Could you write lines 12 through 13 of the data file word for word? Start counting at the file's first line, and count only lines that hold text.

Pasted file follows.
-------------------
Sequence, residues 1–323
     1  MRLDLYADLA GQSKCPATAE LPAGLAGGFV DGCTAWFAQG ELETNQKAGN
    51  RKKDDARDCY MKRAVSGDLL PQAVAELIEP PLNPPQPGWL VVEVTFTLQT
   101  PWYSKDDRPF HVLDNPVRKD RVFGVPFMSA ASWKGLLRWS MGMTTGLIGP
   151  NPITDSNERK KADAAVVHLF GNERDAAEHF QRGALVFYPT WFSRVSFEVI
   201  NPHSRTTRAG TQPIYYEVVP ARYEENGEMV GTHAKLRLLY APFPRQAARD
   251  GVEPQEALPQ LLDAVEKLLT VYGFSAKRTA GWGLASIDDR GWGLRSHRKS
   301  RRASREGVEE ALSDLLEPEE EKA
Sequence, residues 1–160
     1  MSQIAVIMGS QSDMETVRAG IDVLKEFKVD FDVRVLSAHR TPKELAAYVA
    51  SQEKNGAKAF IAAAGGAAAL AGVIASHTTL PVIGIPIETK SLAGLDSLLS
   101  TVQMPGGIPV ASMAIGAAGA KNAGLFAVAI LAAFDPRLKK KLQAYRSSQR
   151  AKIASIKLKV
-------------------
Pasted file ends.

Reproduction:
   101  TVQMPGGIPV ASMAIGAAGA KNAGLFAVAI LAAFDPRLKK KLQAYRSSQR
   151  AKIASIKLKV